Donald Trump Makes New Request in Fani Willis Case

Donald Trump’s attorneys asked Judge Scott McAfee to quash two more charges against the former president in Fulton County District Attorney Fani Willis’ election interference case against him.

Trump attorneys Steven H. Sadow and Jennifer L. Little on Wednesday filed a brief urging McAfee, who is overseeing the upcoming trial in the case, to order two charges against Trump and his co-defendants to be dropped from cases surrounding the alleged attempts to thwart the 2020 presidential results in Georgia.

They asked for charges of filing false documents and conspiracy to commit filing false documents to be dropped, arguing that only the federal government, not Willis’ office, has the legal jurisdiction to charge people with filing allegedly false documents in federal court.

Willis last year charged Trump and 18 others with trying to overturn the 2020 election results in Georgia, a swing state that narrowly went to President Joe Biden.

Donald Trump new request Fani Willis case
Former President Donald Trump speaks to reporters in New York City on January 11. Trump’s legal team has asked Judge Scott McAfee to drop two charges in District Attorney Fani Willis’ election interference case against…

Spencer Platt/Getty Images

Her investigation focused on Trump’s phone call to Secretary of State Brad Raffensperger in which the former president asked him to find enough votes to tilt the election in his favor, as well as efforts to submit a false slate of pro-Trump electors to the Electoral College.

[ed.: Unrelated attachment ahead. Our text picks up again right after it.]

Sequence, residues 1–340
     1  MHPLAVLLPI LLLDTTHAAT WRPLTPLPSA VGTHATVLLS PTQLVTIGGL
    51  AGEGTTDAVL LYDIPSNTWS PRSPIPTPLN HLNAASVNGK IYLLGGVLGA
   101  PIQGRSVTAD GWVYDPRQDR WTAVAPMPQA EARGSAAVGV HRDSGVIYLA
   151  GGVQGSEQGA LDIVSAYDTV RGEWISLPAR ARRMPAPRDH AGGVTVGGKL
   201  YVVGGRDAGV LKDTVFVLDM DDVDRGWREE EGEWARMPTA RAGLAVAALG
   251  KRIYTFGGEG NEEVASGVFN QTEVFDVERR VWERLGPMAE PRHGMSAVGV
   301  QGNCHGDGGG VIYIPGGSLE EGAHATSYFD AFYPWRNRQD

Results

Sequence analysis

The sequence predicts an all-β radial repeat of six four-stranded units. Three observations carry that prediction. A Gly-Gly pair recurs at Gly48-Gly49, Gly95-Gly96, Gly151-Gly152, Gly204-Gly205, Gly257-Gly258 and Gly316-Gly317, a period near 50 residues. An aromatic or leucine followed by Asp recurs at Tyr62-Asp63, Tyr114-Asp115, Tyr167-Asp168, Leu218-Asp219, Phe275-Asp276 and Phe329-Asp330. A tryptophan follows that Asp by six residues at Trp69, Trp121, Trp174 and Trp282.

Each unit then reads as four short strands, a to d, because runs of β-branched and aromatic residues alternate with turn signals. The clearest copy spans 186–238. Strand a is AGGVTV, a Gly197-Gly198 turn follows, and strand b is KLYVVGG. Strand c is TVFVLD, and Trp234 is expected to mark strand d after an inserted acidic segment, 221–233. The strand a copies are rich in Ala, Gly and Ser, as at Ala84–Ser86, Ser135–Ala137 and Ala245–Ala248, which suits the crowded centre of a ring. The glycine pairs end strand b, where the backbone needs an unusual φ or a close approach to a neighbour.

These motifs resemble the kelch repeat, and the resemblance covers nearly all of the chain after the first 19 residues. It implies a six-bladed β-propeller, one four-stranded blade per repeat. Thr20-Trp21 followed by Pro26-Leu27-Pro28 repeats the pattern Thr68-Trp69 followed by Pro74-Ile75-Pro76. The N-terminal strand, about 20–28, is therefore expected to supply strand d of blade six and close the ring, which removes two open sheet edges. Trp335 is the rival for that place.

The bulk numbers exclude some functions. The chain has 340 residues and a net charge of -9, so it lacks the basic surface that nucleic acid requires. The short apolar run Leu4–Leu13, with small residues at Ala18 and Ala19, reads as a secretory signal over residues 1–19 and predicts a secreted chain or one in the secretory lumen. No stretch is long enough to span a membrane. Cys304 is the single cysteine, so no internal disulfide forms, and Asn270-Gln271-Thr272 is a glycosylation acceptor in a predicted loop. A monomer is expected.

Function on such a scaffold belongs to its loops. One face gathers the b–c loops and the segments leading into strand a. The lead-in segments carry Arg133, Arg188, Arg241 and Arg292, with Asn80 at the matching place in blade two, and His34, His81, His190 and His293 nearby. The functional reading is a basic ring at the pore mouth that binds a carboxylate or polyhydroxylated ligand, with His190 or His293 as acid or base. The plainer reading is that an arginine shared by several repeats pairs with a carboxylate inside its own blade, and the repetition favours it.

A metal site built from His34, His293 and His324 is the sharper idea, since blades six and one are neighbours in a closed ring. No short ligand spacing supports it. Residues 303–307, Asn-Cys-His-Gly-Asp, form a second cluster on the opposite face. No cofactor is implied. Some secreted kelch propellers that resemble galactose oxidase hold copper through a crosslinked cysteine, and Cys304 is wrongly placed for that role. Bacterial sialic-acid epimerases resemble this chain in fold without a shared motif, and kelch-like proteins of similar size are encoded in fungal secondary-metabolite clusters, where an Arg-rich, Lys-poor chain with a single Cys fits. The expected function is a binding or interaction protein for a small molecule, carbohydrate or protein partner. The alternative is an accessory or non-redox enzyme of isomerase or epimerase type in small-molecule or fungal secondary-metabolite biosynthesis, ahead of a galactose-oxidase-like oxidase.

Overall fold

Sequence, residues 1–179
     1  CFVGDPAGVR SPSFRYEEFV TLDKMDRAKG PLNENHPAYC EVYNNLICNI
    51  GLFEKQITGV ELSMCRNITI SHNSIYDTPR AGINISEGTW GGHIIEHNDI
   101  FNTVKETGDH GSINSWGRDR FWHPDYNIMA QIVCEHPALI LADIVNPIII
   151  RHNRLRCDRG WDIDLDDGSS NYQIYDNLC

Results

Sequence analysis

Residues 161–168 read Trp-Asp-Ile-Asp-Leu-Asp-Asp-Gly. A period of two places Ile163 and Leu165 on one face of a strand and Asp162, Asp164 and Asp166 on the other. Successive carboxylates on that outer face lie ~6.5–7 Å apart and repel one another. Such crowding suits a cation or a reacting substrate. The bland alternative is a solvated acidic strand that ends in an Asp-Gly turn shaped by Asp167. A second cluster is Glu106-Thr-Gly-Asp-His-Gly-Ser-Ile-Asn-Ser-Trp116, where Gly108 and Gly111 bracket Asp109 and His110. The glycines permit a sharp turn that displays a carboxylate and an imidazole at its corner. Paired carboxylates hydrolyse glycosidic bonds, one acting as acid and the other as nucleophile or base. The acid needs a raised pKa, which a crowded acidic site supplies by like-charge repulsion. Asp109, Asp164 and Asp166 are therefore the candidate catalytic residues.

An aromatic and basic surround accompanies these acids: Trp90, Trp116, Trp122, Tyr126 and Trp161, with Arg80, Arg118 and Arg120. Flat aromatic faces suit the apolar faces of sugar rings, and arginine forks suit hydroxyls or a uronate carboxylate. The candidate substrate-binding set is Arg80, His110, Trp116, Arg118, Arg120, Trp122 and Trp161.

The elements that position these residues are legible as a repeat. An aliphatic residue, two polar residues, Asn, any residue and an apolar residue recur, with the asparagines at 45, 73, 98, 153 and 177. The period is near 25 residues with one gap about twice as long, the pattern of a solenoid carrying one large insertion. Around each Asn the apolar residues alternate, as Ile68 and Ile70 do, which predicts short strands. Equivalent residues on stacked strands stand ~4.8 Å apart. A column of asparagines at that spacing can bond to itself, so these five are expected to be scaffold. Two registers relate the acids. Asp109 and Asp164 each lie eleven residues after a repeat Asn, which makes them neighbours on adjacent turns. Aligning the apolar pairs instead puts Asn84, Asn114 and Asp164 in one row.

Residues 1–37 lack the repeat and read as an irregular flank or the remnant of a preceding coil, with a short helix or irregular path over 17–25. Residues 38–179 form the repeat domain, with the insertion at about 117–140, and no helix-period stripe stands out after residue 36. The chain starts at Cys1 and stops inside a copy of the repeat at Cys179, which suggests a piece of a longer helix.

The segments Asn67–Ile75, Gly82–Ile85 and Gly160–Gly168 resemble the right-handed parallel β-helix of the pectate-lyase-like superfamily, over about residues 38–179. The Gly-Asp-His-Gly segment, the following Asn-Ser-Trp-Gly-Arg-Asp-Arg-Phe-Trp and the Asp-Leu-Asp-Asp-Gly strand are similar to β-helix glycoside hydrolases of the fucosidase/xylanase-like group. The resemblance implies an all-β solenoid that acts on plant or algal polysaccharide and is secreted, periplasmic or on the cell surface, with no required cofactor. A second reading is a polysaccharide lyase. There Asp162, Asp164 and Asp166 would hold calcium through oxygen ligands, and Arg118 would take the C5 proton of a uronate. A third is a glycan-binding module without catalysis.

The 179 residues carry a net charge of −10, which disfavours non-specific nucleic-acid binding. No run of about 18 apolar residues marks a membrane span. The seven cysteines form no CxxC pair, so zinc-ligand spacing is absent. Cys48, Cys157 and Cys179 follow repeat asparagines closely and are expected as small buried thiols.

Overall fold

Trump has pleaded not guilty to all charges and maintains his innocence in the case. He has accused Willis of targeting him for political purposes, describing the case as a “witch hunt.”

Sadow and Little cited the 1890 case Thomas v. Loney, arguing it was ruled that a state can’t prosecute a crime under a state criminal statute when the alleged conduct “only constitutes an ‘offense against the public justice of the United States, and within the exclusive jurisdiction of the courts of the United States.'”

“Consequently, the State of Georgia cannot punish the filing of an allegedly false document in federal court, as the power to do so belongs solely to the federal government,” the filing reads.

Sadow declined further comment when reached by Newsweek.

Newsweek also reached out to Willis’ office for comment via email.

The Department of Justice has also charged Trump in a federal election interference case that covers the alleged false elector scheme, as well as the January 6, 2021, riot at the U.S. Capitol building.

Trump’s attorneys, however, have argued that presidential immunity should shield him from facing federal charges. The U.S. Supreme Court is expected to hear the immunity arguments on Thursday.

McAfee in March quashed six counts in Willis’ case, three of which Trump faced. He determined that the allegations were not detailed enough, finding that “the lack of detail concerning an essential legal element is, in the undersigned’s opinion, fatal.”

Trump initially faced 13 counts but now faces 10.